The April rains bring May flowers, and the dry months bring a shower of misinformation about the cannabis garden. Having lost sight of public opinion and legislation, water use is the last front in the war of prohibitionists on cannabis production.
His statement is based on a false report made about a decade ago that says every plant needs six to 20 liters per day to grow, a gross exaggeration. This was based on growing the plants as large as possible during the peak water use at the highest heat. Most people grow medium plants and use less water during early growth and in cooler climates. Using so much water on a continuous basis will provoke the power of the roots and kill the plants. Somehow, the researchers forgot to mention all that and the media turned up on a spectacular exaggeration.
Let’s get real here. Qualified gardeners mitigate the use of water using compost tea, mulch and other preservation techniques. Experienced growers know that cannabis plants use less water in their vegetative cycle and more during flowering, not the same amount throughout the year. For example, a garden we followed last year used just under a gallon per plant – per week – from mid to late June, from a quarter a week to mid-spring, with no expectation of using more half a gallon. per day even at its peak of flowering (at a rate of three liters, twice a week).
Each medium-sized plant ultimately produces from a quarter to three-quarters of a pound per year, about 120 to 350 grams or (32 to 100 ounces), at a higher yield and water efficiency than tomatoes growing nearby. But what in a home garden, then, does that mean a larger-scale economy?
Cannabis is “not particularly thirsty” as a culture
A team of researchers affiliated with the University of California, Berkeley and with the State of California, the North Coast Water Quality Control Board decided to test this question. They evaluated irrigation patterns among licensed cannabis farms in northern California.
Their research confirmed that licensed outdoor marijuana farms do not put excessive strain on limited water resources, according to data published in the Journal of Environmental Management. In fact, it consumes only a fraction of the water used by other commercial crops.
The authors stated that cannabis farming is not “particularly thirsty compared to other crops.” They estimated that “outdoor legal [cannabis] The crop uses about the same amount of water as a crop as tomatoes, ”and about 33 times less water than almonds.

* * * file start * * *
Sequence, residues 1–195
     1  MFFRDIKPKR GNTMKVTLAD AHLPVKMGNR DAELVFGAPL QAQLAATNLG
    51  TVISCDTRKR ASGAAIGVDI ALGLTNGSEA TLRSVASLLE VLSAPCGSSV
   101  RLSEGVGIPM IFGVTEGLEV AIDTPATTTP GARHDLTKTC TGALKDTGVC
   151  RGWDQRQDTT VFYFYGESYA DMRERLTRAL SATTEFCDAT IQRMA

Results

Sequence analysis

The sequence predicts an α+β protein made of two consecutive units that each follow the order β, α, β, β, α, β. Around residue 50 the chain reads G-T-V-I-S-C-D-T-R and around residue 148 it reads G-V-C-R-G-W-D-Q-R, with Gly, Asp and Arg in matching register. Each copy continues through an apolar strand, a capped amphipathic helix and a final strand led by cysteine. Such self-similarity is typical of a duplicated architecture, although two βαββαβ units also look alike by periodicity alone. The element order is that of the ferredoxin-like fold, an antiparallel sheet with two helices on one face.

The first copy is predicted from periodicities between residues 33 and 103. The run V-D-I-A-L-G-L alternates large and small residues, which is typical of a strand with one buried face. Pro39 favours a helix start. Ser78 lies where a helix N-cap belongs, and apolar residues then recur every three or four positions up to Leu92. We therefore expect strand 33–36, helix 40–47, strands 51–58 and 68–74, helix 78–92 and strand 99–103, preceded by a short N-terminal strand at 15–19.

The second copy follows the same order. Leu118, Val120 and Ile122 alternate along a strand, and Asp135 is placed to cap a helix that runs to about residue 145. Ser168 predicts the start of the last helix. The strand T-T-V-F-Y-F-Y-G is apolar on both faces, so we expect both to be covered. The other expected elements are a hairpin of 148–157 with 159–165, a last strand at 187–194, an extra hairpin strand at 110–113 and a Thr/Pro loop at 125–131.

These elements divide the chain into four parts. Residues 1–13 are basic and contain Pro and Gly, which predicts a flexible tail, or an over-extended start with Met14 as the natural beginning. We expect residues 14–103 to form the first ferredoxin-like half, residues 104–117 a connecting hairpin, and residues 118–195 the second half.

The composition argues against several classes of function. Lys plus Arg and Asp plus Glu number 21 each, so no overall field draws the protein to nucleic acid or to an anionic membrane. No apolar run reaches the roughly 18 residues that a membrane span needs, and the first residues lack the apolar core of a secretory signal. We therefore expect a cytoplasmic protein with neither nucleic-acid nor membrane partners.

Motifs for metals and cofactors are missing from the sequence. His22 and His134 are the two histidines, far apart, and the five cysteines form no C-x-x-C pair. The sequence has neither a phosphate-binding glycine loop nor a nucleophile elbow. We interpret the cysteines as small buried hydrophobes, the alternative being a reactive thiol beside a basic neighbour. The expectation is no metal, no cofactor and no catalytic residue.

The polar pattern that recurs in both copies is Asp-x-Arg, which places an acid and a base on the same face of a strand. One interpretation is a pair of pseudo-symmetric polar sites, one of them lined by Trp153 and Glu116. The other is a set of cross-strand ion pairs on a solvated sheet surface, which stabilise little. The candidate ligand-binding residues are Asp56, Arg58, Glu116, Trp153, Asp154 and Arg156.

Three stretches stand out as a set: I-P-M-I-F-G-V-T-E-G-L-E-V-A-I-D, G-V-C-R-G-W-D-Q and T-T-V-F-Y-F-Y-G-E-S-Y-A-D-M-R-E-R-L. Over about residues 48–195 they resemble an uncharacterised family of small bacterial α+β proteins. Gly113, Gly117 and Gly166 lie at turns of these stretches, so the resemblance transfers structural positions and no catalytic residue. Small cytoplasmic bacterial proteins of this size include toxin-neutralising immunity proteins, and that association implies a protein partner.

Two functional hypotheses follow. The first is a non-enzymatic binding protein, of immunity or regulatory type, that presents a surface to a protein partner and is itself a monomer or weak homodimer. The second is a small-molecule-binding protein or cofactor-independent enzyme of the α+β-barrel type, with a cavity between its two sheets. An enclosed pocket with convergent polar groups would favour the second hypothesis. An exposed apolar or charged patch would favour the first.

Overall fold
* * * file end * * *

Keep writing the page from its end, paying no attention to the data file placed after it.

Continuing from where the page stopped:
More water efficient than commercial wine, almonds, avocado
The results of the study are contrary to previous claims that cannabis farming put excessive pressure on the state’s limited water supply. However, there are many data to support the claims of water efficiency.
A 2020 report from New Frontier Data in partnership with Resource Innovation Institute and the University of California, Berkeley, concluded that “while the state’s trees use nearly 7 million acre-feet of water, and the rice fields using nearly 5 million acre-feet, the state’s lucrative cannabis industry uses only 3,000 acres-feet, making it the most economical crop for water among the state’s highest-yielding crops.
Swami Chaitanya is a Northern California cannabis grower and operator of Swami Select. He calculated water consumption for cannabis as an agricultural crop, using one-eighth of an ounce of dried flowers, about 3.5 grams, as a typical serving for marijuana. “Every octane requires 1,875 liters of water,” noting that “It has been widely reported that the production of a pound of meat requires at least 1,500 liters of water. The wine uses between 180 and 400 liters per bottle. they need one gallon per nut or about 100 gallons per cane, broccoli takes about five gallons per head and avocados about 75 gallons per pound.
“Another way to look at thirst is to consider how much produce is produced from a single gallon of water,” said Natalynne DeLapp, executive director of the Humboldt County Alliance of Farmers. “For other crops such as tomatoes, lettuce or almonds, a gallon of water produces between one-tenth of a hundred to two cents of value in yield. For cannabis, a gallon of water produces a value of almost $ 7. In that sense, cannabis is by far the most water-efficient agricultural product in California. ”
And the illegal cultivation operations?
Experience and data show that domestic crops and commercial cannabis crops are both relatively effective users of water, but what about underground growers?
Because the UC Berkeley study assessed only water use among legally licensed farms, the authors warned that their findings may not be applicable to illicit growth practices. Illegal operators around California are often accused of water diversion, but their actual impact on water supply is not well documented.
One thing that seems clear, though, is that encouraging legal operators and retail law enforcement slows down the flow and ultimately cuts the tap on the criminal market by cutting out its customer base. It’s also another fact that prohibitionists don’t want to hear.
Full text of the study, “Water storage and irrigation practices for cannabis guide seasonal patterns of water extraction and use in northern California,” appears in the Journal of Environmental Management.